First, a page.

Sarah Palin, The Whiner

>> Saturday, November 28, 2009

However in closing the discussion for one final time about Palin's "somebody done someone wrong song," I feel compelled to respond to what was not in the book rather than rehash what is in the book.

The first thing that is noticeably absent is the lack of any character arc.

There is no personal growth in the entire book, from the beginning where she blames the old boy network (Ruedrich, Allen, Stevens, Murkowski) to the final chapter of blaming the new boy network (Schmidt, Bitney, Wallace et al.) she exhibits no personal growth as a person, a candidate or in her role as an elected official.

In every capacity she is always the aggrieved party, even when she is in charge and has the power to change the circumstances. But more importantly, her tale of woe proves one thing; Sarah Palin is no Barracuda, she's more like a spineless jelly fish.

She writes about former Public safety Commissioner Walt Monegan's bad behavior in her book, but did she ever talk directly to Monagan? No. In fact she had her acting Chief of Staff fire Monegan, but not before she cowardly got on a plane to Philadelphia.

Now there's a leader you can be proud of.
Alaskan Andrew Halcro after finishing Sarah Palin's Going Rogue

6 comments:

PS (PSanafter-thought) 02 December, 2009 16:00  

You have a very interesting blog. I just read about the should-we-leave the ELCA meeting. Good for you!!! I sent a link for that to my pastor who is to attend a meeting at another church who have people (read: the pastor) stirring up trouble. Re: Palin: Ohhhh, one of my pet peeves is a person who just complains but doesn't take the bull by the horn.

House of Brat 02 December, 2009 20:26  

Thanks!

I do think it's a vocal minority within the ELCA making all the hubbub about the decision. I think as more time passes, most people will be less in a huff over it. Hope, hope...

PS (PSanafter-thought) 03 December, 2009 07:16  

Apparently just 1% have taken a vote, and not all of those votes passed. I've heard that some of the churches that are leaving were thinking of leaving anyway, do to other issues, or being more of a "community church" rather than a "Lutheran Church." I guess they have to take 2 votes to make it official.

I don't think that the pastor leaving for reasons of conscience should be the same as a church leaving. He/she shouldn't pull the church with him. Maybe lots of the pastors who think about leaving are afraid to do so without a church, ie income. And if they leave, they lose their pension and health care benefits. So what is really behind people leaving or staying???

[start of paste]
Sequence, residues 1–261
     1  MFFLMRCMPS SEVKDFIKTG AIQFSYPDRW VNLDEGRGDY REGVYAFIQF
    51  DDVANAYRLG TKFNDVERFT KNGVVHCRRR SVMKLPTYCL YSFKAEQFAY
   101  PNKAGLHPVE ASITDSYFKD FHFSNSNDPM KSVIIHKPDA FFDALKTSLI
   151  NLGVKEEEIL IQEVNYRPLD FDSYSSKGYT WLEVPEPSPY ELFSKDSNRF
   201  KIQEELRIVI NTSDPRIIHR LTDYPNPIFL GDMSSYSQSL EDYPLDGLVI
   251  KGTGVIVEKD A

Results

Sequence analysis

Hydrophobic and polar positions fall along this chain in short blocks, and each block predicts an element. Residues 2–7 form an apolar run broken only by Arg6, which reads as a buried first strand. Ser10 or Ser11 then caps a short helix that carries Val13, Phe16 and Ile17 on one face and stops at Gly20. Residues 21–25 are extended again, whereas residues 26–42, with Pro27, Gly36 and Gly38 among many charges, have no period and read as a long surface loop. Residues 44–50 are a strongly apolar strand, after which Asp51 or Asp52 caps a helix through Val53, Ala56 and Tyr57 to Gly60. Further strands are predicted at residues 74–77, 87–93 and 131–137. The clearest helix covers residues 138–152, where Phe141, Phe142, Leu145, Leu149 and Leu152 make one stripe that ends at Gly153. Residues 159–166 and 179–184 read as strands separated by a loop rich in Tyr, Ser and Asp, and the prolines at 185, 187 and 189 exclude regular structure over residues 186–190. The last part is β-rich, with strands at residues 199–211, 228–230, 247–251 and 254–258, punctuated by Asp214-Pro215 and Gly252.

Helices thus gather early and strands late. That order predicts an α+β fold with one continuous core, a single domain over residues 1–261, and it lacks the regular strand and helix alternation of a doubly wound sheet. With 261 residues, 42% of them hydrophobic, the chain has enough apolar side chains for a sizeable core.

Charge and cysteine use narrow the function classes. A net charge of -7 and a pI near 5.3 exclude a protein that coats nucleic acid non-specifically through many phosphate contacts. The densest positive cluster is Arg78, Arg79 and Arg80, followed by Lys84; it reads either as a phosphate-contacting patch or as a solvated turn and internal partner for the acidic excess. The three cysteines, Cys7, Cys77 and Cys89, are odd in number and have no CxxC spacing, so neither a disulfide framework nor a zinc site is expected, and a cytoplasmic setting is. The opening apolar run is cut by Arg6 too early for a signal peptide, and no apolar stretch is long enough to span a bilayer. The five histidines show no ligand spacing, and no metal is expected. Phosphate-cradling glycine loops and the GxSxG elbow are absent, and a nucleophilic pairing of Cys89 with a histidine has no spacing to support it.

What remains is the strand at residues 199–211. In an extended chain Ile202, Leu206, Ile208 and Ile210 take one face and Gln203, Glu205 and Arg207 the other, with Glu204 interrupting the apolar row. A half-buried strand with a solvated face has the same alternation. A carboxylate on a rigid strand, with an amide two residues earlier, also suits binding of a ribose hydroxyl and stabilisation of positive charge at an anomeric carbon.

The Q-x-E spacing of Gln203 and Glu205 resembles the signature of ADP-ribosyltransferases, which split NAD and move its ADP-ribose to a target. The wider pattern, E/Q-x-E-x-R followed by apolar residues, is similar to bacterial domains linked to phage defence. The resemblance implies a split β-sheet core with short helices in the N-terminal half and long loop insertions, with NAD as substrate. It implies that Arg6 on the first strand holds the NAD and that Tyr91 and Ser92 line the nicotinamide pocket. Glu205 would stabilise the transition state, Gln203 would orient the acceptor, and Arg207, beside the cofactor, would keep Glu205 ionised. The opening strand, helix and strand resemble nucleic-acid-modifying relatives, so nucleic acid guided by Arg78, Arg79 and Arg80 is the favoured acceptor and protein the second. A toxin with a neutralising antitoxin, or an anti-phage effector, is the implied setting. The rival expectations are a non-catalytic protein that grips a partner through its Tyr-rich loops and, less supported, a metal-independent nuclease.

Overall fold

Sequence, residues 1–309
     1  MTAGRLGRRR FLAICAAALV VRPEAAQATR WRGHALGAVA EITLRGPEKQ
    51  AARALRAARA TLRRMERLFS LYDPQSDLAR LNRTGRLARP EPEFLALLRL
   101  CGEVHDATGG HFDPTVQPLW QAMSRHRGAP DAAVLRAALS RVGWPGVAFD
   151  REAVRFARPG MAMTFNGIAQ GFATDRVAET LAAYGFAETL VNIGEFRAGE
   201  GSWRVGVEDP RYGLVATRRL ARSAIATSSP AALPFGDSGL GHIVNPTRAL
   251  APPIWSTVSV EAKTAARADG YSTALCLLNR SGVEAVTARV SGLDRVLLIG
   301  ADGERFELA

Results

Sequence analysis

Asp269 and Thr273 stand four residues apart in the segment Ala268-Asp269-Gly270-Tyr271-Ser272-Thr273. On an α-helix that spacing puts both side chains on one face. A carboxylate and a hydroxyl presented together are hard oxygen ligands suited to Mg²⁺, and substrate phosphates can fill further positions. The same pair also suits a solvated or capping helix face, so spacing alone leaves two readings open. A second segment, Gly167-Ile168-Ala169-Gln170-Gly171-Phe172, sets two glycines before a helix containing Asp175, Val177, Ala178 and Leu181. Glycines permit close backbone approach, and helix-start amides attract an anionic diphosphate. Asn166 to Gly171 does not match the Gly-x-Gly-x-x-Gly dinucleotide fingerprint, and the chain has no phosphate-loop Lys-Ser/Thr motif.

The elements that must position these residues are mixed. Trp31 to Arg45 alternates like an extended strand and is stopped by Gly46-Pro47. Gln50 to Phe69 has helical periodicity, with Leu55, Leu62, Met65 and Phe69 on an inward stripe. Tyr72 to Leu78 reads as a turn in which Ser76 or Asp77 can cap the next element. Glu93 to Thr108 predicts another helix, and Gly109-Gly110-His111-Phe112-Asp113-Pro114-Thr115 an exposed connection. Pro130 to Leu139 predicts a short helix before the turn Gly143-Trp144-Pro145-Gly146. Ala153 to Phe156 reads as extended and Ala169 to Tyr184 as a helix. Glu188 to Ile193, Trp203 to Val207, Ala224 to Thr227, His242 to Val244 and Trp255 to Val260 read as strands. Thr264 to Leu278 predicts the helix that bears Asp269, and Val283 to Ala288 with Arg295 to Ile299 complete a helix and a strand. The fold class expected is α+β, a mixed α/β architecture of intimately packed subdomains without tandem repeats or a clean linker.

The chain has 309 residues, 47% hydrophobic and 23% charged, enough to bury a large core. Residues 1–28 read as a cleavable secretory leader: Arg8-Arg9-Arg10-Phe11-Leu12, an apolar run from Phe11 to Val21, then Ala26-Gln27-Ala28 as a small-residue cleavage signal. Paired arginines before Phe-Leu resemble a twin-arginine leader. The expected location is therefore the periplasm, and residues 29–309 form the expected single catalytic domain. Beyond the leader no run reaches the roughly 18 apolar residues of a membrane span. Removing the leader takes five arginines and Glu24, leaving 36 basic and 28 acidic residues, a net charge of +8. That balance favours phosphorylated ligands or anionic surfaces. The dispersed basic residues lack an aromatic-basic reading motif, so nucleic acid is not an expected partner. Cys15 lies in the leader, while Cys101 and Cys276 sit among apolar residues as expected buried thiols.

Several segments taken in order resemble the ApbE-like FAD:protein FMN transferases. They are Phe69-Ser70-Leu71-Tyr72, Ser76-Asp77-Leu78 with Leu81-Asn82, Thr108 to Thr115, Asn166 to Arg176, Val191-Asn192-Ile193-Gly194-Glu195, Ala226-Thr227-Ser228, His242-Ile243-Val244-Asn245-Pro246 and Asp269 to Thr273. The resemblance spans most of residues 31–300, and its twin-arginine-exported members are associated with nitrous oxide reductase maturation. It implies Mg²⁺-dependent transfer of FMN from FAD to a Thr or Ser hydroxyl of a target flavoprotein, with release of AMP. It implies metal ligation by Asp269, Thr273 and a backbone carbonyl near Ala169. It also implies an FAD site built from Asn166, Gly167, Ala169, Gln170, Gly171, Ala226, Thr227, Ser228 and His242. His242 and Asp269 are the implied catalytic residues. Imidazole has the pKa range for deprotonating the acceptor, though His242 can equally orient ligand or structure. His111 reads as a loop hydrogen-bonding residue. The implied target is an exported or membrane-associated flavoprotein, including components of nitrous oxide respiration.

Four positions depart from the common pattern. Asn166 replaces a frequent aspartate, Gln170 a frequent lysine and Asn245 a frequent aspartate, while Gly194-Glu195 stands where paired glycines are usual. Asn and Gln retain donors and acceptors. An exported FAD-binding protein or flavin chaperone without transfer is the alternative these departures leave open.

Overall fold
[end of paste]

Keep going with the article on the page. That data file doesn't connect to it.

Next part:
And... people aren't aware that there have been homosexual pastors for centuries.

House of Brat 03 December, 2009 21:11  

Only 1%? Gee, that's a lot less than some of the more vocal people at my church, who say they want to leave, make it seem. They all talk like it's so easy to do, even though I know it's not, and that they're are other churches with plans to do it. I don't think any of them bother to think about the legal hurdles of making changes on this level. It's easier to just mouth off instead of think about what's involved in being a 501(c)3 not-for-profit.

I think pastors, who want to leave because they don't like the ELCA decision, need to find another call or just leave the ELCA and go elsewhere. They shouldn't be dragging their congregations in directions that they don't want to go in. It's not fair to the members. Members were there before the pastor came and will probably be there afterward. It's just not fair for a pastor to use his position to orchestrate something within the congregation from the top-down.

I'm sure these people don't agree with every other decision the ELCA has made. Which is why I don't get why this one is such a deal-breaker. Most congregations won't even be affected by this decision.

PS (PSanafter-thought) 03 December, 2009 22:19  

I don't like the idea that a Lutheran congregation could be a pastor-centered/pastor's personality type of congregation. We've been different than other groups in that regard.

The 1% figure came from what my pastor told me on Tuesday: She said, 100 congregations have voted about leaving (it didn't pass in all places) out of 10,000 congregations. You could check the ELCA website for better stats, perhaps.

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